Why Study Health Care Options After ObamaCare?

Metz-12-09-01-85-125x125President Barack Obama received a lot of flak for creating the Affordable Care Act. But he is no more the creator of “ObamaCare” than publisher Bill Gaines was the creator of “Mad Magazine” (instead we thank illustrator and writer Harvey Kurtzman). When charged by the president with designing a health care plan, Congress took the Massachusetts model (subsequently known as “RomneyCare”), injected it with earmarks, expanded it nationally, and rebadged it as the Affordable Care Act (ACA). This resemblance is not superficial; according to Jonathan Gruber, the MIT economist who helped design both pieces of legislation, “they’re the same [expletive deleted] bill.”

Genealogy aside, does the Affordable Care Act (ACA) or the Massachusetts experience remove further need for Oregon to study health care alternatives?

If Oregon wants increased access, reduced costs, or improved health, sadly not.

Increased access? In a national study, the Congressional Budget Office (CBO) estimated the ACA will leave 60 million Americans either under-insured or un-insured. We do not yet have a state study in Oregon, but these national figures suggest 700,000 Oregonians will risk medical bankruptcy or death from a treatable disease… if the ACA works perfectly.

Reduced costs? The CBO estimates an increase in overall health care spending of $100 billion annually despite reduced government spending. We do not yet have a study in Oregon, but we can expect an annual increase of $1 billion in Oregon’s health care costs …if the ACA works perfectly.

Better public health? Since RomneyCare began, measures of public health in Massachusetts are static. Medical bankruptcies increased 30%. Health care costs are rising faster than any region in the country.

We do not yet have a state study in Oregon, but the Massachusetts experience and our best research predict Oregon’s health care will remain dangerously inaccessible, costs and bankruptcies will increase, and our public health will stay unimproved…if the ACA works perfectly.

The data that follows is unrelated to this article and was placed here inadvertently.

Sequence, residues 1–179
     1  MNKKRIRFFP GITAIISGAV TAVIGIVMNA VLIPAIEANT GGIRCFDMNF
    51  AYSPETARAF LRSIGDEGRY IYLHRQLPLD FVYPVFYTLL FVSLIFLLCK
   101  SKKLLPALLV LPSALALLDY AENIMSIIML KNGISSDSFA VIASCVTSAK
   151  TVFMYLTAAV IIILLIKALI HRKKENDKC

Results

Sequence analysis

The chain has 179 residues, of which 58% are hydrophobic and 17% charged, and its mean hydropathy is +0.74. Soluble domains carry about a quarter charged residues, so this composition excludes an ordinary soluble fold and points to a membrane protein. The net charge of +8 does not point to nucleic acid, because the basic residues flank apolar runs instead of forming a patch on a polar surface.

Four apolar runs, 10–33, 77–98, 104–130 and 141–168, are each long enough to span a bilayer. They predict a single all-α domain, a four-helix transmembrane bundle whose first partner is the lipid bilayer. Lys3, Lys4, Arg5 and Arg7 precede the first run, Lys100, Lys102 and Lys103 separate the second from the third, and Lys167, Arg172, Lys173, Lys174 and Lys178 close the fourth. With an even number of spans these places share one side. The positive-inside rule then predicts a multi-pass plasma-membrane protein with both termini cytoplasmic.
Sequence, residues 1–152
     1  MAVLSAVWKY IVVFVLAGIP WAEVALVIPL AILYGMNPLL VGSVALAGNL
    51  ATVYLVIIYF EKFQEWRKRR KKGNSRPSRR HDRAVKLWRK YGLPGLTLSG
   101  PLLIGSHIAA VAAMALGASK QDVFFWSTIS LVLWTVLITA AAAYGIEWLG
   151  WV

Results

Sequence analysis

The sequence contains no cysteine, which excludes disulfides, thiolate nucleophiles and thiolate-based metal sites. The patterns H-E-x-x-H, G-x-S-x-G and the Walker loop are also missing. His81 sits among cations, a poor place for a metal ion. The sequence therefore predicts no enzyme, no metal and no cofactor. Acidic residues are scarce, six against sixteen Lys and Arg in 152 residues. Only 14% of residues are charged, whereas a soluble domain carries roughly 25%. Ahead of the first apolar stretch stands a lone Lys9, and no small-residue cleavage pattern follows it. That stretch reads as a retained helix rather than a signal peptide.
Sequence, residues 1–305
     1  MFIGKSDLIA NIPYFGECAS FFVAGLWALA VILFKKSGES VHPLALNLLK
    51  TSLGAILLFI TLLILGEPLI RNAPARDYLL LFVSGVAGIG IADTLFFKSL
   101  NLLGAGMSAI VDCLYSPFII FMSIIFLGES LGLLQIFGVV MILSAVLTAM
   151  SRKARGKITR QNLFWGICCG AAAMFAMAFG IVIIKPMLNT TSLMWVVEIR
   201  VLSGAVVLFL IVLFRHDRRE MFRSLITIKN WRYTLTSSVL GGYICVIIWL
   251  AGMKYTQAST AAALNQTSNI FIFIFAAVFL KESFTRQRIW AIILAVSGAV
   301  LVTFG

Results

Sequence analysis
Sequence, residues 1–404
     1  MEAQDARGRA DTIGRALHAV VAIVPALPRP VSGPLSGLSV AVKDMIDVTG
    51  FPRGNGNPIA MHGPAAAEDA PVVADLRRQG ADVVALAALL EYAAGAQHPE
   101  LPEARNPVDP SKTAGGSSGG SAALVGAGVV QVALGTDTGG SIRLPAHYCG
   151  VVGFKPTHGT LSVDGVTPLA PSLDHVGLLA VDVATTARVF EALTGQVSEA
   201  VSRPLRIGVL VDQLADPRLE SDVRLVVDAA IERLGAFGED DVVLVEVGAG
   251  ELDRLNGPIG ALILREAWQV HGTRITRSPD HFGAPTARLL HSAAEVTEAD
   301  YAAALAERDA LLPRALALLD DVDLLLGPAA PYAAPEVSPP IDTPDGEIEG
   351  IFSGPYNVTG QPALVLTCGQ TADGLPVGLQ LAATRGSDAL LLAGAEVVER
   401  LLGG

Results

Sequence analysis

Note the phrase: “We do not yet have a study in Oregon.” We have no idea what the ACA will inflict on Oregon, nor what we might do instead. This is where HB 3260 steps in.

HB 3260, which enjoyed bi-partisan legislative support, authorizes the Oregon Health Authority (OHA) to study at least four health care financing alternatives: (1) the ACA as implemented now; (2) the ACA with a public option and Basic Health (an unimplemented provision of the ACA); (3) publicly funded, privately provided universal care (sometimes called “single payer”); and (4) public funding to purchase private insurance policies for all Oregonians. The OHA may also study other options.

Funding comes from grants and other private sources. The OHA will select a third party to conduct the study. The OHA will then present results to the 2015 Oregon legislature with its choice of the best option.

HB 3260 enjoys widespread community support, including from OHSU, the Oregon Medical Society, the Main Street Alliance (formerly the Oregon Small Business Council), Oregon Rural Action, and the Oregon Public Health Association. Bruce Goldberg, OHA director, sent a personal endorsement. The Northwest Health Foundation graciously agreed to act as fiscal agent for donated funds.

The value of the study is obvious. Oregon must prepare for a worst case scenario – the ACA working perfectly. Our legislature will be grateful for a study funded by Oregonians, supervised by Oregonians, and perhaps even conducted by Oregonians that offers credible information about our state health care options.

Sir John Harvey-Jones said, “The nicest thing about not planning is that failure comes as a complete surprise and is not preceded by a period of worry and depression.”

Let’s not be completely surprised in Oregon. HB 3260 is our plan to avoid failure.

Samuel Metz, M.D. is an private practice anesthesiologist in Portland, OR and Adjunct Associate Professor of Anesthesiology and Perioperative Medicine at OHSU.